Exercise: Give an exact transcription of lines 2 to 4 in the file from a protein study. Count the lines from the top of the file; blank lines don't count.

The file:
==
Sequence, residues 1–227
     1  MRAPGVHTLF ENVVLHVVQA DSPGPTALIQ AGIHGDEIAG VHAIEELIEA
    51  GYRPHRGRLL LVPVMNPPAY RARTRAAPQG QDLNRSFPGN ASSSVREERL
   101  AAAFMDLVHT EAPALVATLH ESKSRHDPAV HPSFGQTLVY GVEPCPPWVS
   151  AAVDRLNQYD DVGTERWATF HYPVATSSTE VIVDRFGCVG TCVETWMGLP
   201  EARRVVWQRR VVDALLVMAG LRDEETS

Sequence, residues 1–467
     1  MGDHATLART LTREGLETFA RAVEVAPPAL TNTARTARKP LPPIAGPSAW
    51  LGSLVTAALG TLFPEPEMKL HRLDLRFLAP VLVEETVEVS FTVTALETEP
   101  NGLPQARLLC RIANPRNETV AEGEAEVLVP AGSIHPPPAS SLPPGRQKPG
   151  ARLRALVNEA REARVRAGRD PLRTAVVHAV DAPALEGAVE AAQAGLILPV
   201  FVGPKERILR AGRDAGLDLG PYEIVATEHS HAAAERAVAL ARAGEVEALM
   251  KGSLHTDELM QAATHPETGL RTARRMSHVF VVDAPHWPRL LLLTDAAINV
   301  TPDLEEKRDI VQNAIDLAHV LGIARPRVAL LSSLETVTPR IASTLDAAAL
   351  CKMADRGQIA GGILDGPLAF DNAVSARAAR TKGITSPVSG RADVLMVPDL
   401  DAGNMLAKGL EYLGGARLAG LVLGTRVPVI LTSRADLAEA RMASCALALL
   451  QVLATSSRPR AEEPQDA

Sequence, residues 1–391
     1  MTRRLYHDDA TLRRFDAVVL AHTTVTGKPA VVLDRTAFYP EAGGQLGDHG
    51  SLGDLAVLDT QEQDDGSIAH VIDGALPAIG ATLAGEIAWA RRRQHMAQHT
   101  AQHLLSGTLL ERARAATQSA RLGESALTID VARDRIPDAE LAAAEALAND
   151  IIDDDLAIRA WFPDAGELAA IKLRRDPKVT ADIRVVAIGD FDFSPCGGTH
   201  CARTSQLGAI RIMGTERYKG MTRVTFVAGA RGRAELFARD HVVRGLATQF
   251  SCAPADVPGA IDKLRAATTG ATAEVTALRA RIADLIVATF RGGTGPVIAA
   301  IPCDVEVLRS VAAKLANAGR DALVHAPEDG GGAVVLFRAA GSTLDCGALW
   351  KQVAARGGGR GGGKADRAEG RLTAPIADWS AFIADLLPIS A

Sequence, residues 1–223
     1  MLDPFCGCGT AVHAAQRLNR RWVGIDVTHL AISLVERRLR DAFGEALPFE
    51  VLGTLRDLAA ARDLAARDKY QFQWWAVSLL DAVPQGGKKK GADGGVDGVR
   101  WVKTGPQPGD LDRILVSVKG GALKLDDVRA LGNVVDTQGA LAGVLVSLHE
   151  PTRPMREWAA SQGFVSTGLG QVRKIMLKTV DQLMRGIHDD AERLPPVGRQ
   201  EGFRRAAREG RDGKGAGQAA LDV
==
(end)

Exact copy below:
     1  MRAPGVHTLF ENVVLHVVQA DSPGPTALIQ AGIHGDEIAG VHAIEELIEA
    51  GYRPHRGRLL LVPVMNPPAY RARTRAAPQG QDLNRSFPGN ASSSVREERL
   101  AAAFMDLVHT EAPALVATLH ESKSRHDPAV HPSFGQTLVY GVEPCPPWVS